|Coming to you from the glamorous |
Mother-in-Law's Basement Studio
(Vacation gaming is awesome!)
Tuesday night was my first full-length session playing a Candlekeep Mysteries adventure using Lamentations of The Flame Princess for my podcast. I found it quite revealing about the assumptions made between different editions of D&D
(Spoilers ahead for "The Joy of Extradimensional Spaces" )
Now, keep in mind Lamentations of The Flame Princess is not a perfect analog to Basic and Expert Dungeons & Dragons. The classes have been tweaked somewhat. Elves cannot see in the dark, for example. And only fighters get better at hitting things.
One of the first things you know is that combat is assumed to be way more often in Dungeons & Dragons 5th Edition . Rather than relying on things like reaction rolls, most monsters in the adventure entitled "The Joy of Extradimensional Spaces" attack automatically. Some to defend their owners property, some as a prank (nonsensically), some out of hunger. Even creatures with no reason to hang around and murder player characters attempt to do so.
And there are a lot of monsters. For a first level dungeon, this adventure included an imp, a quasif, two flying swords, one mimic, two fairy dragons, four crawling hands, one powerful animated library, and one swarm of animated books. I was rightly concerned that this could lead to a TPK with the average soft first level BD&D characters.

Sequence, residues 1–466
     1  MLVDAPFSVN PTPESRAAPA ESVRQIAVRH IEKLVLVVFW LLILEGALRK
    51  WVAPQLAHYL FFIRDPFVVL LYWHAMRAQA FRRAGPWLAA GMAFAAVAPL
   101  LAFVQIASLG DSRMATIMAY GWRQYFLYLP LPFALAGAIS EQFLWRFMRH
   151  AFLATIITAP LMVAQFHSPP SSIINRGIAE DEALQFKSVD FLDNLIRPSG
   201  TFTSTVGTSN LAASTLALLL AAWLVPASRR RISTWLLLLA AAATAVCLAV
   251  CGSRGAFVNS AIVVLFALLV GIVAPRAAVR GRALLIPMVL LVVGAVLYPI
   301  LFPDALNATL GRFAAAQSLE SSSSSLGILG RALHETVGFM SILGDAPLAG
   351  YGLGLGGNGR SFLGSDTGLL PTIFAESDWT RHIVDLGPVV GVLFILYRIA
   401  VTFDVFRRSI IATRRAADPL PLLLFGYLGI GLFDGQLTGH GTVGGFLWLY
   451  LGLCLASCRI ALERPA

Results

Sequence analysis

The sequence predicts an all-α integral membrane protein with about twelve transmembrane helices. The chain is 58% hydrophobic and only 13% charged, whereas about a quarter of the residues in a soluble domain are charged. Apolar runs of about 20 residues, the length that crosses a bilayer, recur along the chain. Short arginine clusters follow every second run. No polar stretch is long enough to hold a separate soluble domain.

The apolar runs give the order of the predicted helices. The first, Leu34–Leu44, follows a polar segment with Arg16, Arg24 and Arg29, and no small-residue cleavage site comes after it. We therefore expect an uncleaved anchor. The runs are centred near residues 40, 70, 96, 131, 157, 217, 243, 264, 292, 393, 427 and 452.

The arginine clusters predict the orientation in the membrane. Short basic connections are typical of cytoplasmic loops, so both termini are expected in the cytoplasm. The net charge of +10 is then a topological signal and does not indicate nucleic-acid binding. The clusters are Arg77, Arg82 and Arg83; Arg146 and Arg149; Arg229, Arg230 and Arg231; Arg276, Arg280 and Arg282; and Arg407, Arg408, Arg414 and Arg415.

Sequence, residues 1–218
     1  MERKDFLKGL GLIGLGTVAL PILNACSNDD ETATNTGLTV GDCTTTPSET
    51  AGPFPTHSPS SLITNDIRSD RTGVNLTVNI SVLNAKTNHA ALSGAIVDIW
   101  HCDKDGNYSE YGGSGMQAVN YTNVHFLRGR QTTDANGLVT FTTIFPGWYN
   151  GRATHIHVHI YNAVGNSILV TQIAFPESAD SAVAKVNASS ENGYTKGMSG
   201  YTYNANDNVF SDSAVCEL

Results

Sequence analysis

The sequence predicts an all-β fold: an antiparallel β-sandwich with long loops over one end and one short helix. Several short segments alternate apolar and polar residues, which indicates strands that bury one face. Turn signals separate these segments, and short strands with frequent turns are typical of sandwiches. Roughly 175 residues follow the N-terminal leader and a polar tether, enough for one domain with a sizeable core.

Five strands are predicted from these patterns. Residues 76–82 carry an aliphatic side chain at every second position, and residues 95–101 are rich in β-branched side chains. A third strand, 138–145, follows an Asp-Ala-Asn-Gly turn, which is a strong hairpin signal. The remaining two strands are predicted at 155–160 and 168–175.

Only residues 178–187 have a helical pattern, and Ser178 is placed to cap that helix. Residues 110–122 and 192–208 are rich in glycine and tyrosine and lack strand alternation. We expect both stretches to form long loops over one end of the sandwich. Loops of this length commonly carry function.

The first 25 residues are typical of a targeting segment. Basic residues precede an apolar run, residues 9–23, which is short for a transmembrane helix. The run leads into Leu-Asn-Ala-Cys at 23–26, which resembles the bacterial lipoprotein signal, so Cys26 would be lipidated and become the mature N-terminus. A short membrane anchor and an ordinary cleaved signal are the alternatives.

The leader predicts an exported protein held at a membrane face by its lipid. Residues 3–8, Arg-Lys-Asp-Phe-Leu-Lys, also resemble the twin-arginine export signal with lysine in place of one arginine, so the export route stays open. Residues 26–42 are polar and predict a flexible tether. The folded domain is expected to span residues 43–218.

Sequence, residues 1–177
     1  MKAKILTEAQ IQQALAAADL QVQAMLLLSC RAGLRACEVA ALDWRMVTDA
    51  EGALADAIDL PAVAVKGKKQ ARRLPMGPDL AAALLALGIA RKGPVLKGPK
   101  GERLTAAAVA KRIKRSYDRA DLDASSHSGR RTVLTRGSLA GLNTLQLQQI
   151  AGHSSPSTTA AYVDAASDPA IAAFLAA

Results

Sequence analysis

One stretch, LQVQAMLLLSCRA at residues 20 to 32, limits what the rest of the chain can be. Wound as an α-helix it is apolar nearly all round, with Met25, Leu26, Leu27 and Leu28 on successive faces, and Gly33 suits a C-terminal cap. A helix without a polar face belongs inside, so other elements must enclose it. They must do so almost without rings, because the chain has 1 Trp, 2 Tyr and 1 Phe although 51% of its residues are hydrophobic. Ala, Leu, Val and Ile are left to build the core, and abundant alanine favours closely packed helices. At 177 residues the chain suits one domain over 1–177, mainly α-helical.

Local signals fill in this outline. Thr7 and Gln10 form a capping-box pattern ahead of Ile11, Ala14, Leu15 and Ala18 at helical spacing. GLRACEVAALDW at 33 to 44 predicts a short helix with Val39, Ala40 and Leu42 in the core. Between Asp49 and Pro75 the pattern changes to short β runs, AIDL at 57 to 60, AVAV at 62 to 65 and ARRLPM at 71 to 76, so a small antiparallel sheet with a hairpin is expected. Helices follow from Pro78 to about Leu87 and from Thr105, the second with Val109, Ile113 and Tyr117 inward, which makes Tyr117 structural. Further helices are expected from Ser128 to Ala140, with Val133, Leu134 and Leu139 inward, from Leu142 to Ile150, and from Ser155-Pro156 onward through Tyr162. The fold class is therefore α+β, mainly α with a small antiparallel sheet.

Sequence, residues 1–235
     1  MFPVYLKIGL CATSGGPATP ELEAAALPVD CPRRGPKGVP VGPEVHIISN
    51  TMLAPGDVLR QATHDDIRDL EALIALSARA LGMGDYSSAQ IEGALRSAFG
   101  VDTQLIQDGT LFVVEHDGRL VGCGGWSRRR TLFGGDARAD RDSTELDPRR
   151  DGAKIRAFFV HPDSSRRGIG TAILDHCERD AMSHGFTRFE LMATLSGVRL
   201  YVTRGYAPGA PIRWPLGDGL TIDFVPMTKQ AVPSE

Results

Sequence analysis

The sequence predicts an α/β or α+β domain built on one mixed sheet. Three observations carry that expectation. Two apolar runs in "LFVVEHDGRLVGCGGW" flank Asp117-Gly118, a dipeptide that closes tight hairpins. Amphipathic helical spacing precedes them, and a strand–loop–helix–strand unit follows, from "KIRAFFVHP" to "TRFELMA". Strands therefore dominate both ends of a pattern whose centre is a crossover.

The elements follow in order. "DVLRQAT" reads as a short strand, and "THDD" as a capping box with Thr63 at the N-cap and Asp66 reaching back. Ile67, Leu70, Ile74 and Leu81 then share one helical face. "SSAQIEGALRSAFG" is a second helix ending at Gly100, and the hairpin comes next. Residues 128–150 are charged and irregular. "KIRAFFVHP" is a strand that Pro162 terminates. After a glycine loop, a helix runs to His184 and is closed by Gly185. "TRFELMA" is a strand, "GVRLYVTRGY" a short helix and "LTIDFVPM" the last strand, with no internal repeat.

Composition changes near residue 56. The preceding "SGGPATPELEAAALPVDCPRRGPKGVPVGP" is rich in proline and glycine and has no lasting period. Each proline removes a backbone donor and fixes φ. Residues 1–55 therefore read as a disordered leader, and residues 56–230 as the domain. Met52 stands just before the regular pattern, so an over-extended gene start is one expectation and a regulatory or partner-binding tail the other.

|Candlekeep Mysteries cover Art|
By Clint Cearly;
©2021 Wizards of the Coast
This is also reflected in the way the adventure rewards the PCs. If PCs are awarded experience for killing monsters primarily and level 1 requires only 300xp, then this monster a-go-go dungeon will have you half-way to level 3. On the other hand, if you are being rewarded for finding treasure, and fighting monsters is designed to have a low reward:risk ratio, and level 1 is meant to be a challenge, not a formality, this dungeon offers a pittance that doesn't even take a Thief close to the 1,700 they need for level 2.
This is well discussed osr OSR and not really news. But there is a flipside to this I had to see played out to understand.
Modules written for modern Dungeons & Dragons don't assume cautious, strategic play at all.